late one Friday afternoon I got a call from my vet Judith, "I've got a
problem and I need your help," she said.
got a Water Dragon that's just been dropped off and I need a good carer who I
can trust to take it through post-operative care".
I thought, a Water Dragon, this is a first!
the next hour I busied myself with finding as much information as I could on the
care of the species. I Googled "water dragon" and found that they were
huge, nearly a metre in length - oh no, I didn't have a box or cage big enough
to house such an animal!
contacted several of my wildlife colleagues who quickly sent me some information
on their care and then I rang Judith back to let her know all was in hand... except
for a transport box, did she have anything big enough?
an embarrassed giggle Judith told me that the lizard wasn't nearly that big!!
The surgery had been really busy and Judith hadn't had a chance to look up her
reptile guide and in her excitement the first thing that popped into her head
was "Water Dragon". After deliberation we agreed that what we had was
actually a Bearded Dragon. Spike, the Bearded Dragon, in fact.
Spike had been hit by a car, usually a death sentence for such a small critter.
His jaw was broken at the front, as was one side of his beard. After discussing
the case with a reptile specialist, Judith found that Spike's injuries were treatable
and so surgery was scheduled for early the next day.
was invited to help out during surgery - another first! I fought back my nerves
and was in town by 9am to help repair Spike's broken bones. Judith was on a day
off herself and so we worked, uninterrupted, for several hours.
were three in the surgical team - Judith, myself and Sam, a work experience, up
and coming vet nurse with so much potential she could bust! The enthusiasm and
skill that Sam showed to her work was inspiring and did the vet clinic proud!
Judith performing the surgery and Sam her leading hand, I became the "bag
lady"! My job was to breath for the lizard while he was sedated. A tube was
placed down his throat and taped to his mouth and then every 30 seconds or so
I squeezed the bag, ever so slightly, to give the lizard oxygen and anesthetic.
first I didn't realise just how gently I had to squeeze the bag. On my first attempt
I squeezed the bag to hard and Judith nearly died when she saw the lizard nearly
blow up like a balloon. Oops!
go into a hibernation during winter, where they very nearly shut themselves down
and sleep for long periods. During surgery the anesthetic can put a lizard into
a similar state. Several times we had to halt surgery to check that Spike was
still alive. With Judith and I keeping our fingers firmly crossed Sam listened
for the heartbeat. It was there just very, very faint.
thought that I'd feel queasy during surgery, it was even in the back of my mind
that I may faint! However, I was totally and utterly enthralled! Judith did an
amazing job of wiring Spike's jaw and stabilising the break. I was in awe of the
work she did.
a few hours Judith announced that she had finished and Spike was handed over to
me for his post-operative care. After such amazing work by Judith and Sam, I hoped
that I could keep Spike alive and nurse him back to health.
mouth must have been pretty sore and he refused to eat on his own. I knew that
I would have to force feed Spike for the first few weeks, this is a normal for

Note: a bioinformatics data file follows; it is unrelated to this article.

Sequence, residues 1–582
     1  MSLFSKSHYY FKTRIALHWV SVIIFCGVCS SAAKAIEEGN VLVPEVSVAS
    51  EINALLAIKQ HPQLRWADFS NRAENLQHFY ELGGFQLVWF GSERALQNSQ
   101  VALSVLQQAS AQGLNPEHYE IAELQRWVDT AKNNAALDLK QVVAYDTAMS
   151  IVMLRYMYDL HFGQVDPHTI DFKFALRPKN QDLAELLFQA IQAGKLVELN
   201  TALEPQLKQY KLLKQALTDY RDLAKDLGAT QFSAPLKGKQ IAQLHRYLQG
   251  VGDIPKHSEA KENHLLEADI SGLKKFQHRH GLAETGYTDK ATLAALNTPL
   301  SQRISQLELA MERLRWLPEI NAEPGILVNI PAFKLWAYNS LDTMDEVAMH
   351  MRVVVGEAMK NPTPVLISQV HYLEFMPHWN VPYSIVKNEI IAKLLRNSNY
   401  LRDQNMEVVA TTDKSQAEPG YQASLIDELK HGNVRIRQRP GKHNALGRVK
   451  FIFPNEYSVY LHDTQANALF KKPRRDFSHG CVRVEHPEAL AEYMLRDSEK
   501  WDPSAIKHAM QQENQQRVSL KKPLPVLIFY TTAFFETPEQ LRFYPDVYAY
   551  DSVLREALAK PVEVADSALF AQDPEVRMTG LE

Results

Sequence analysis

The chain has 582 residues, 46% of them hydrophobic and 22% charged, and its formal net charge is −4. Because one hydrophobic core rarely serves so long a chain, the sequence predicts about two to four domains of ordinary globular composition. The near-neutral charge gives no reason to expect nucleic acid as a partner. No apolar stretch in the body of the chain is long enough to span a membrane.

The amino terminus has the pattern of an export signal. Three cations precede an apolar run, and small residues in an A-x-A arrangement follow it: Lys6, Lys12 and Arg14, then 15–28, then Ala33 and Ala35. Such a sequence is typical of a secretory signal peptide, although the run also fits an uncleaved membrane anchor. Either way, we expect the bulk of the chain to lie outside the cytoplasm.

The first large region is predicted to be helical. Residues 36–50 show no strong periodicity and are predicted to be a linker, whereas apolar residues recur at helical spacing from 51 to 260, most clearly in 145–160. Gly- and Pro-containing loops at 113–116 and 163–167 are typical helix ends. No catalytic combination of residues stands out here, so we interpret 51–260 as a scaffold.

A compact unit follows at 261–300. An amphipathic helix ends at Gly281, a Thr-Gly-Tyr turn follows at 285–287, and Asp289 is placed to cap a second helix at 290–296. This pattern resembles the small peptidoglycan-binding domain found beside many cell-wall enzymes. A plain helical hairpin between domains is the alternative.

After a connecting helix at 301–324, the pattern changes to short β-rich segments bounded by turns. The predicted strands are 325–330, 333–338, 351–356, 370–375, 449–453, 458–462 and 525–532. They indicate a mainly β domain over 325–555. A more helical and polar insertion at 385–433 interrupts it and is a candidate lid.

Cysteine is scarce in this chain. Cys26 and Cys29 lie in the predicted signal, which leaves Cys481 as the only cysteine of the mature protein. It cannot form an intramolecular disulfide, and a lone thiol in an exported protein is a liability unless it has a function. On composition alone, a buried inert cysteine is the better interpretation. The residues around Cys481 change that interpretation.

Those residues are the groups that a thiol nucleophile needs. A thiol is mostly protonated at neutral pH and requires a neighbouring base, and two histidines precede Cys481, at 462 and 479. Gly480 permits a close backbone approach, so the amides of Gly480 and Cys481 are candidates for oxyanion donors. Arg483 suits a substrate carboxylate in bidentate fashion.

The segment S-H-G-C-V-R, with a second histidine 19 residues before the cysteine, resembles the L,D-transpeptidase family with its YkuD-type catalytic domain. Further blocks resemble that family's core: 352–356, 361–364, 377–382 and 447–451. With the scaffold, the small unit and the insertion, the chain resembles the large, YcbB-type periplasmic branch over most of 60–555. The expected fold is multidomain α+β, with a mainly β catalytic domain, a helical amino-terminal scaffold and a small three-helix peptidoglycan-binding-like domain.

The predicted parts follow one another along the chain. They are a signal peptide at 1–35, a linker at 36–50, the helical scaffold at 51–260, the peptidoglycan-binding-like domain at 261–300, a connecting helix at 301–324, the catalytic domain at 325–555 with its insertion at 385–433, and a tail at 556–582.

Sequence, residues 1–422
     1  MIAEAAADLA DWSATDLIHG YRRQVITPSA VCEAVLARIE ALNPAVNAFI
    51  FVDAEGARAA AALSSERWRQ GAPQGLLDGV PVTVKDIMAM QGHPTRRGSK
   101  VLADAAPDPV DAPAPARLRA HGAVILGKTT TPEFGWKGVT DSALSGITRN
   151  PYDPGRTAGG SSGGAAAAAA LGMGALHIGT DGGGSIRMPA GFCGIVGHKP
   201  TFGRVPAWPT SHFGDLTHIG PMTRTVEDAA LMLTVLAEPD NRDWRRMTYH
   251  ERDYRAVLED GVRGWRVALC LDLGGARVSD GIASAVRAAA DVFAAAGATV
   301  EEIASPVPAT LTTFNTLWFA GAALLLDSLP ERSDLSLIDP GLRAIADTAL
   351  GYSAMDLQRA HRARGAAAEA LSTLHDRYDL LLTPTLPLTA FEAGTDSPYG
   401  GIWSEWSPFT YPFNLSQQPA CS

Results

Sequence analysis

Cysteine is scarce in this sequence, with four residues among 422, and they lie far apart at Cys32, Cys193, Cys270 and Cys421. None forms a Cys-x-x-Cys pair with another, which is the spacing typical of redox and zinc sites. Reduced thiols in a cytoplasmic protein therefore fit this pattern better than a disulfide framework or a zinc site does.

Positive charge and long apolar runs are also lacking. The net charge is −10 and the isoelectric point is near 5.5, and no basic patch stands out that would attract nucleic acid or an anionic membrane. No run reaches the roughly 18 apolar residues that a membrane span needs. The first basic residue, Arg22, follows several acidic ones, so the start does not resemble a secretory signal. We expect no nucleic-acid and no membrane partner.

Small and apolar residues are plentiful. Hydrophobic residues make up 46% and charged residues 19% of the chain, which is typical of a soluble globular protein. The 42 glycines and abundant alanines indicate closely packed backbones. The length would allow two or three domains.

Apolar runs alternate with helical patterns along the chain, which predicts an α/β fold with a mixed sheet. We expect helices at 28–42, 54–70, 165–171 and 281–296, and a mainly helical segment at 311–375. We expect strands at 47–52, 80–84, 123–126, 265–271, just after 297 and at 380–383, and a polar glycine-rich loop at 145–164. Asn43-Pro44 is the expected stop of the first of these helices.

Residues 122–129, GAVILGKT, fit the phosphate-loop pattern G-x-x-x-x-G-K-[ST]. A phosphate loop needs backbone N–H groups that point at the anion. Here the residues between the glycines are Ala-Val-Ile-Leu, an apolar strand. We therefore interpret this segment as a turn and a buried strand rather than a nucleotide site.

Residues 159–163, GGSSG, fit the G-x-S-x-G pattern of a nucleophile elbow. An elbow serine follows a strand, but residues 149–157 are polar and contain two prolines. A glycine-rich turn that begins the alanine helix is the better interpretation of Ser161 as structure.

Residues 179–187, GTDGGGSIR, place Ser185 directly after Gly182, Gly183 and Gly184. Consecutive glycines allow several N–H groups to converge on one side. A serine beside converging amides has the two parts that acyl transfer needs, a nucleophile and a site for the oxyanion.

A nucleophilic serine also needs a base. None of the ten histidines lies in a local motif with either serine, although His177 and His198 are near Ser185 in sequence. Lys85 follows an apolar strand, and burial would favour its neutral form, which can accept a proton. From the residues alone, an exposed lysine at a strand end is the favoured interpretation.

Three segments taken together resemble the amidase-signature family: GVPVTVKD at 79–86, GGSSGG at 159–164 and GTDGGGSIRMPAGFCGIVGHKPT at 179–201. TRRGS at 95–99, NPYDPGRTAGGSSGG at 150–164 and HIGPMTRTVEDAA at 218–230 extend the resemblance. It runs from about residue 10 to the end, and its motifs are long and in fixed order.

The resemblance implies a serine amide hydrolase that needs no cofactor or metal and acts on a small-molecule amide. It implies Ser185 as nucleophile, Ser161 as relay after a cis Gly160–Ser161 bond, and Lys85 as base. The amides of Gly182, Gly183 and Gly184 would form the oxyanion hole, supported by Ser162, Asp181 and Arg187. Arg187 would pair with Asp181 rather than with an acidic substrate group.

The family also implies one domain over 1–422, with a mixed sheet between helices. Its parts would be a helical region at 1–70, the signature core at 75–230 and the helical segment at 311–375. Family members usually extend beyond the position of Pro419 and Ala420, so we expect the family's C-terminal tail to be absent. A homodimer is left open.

an adult wild animal, but I think Spike was quite depressed with his predicament
and refused to eat on his own for the nine weeks he was in care. It wasn't until
the last week or so of care that he would take food but we had to tap the food
on the side of his mouth for him to even bother.
the first week Spike was kept in a warm intensive care box lined with soft material
to keep the surgical site clean. He spent a lot of time sleeping under his heat
the second week Spike was moved into a larger hospital box, still with a heat
lamp but a basking rock was added which he loved lying on during the day. He also
loved climbing the shadecloth that lined the cage door and he rested there for
several hours a day.
Spike's jaw had healed and he showed signs that he wasn't in pain he was moved
into a habitat enclosure - a 1.2 metre aquarium lined with dirt and leaf litter.
Logs and leafy branches were also placed in the enclosure so that Spike could
climb and hide. A large basking rock was placed in one end with the heat lamp
over the top and a bowl of water in the other end. We saw Spike lying in the bowl
of water on a couple of occasion after a lengthy sunbake.
wire is Spike's jaw was removed when the bones had healed nicely. The break in
his beard was left to heal naturally as it was a very tricky area to operate on.
There was a risk that his beard wouldn't expand quite as much as it normally would,
however. Spike's bones healed well and near the end of his care he would expand
his beard fully whenever we approached. After nine weeks in care he still didn't
like us much. He was ready to go.
created a native bush garden at our home and it is a great place to release native
animals. We chose a spot under a large log to release Spike. After showing signs
of really not liking us very much Spike wasn't too sure if he actually wanted
to go. He stayed in that spot for hours, soaking up the sun. At one stage it starting
raining and (silly me) brought him back inside so he didn't get cold! When the
rain stopped back out he went. Todd fed him one last time and we turned our backs
to walk back inside. We looked back over our shoulder...
had disappeared... back to bush.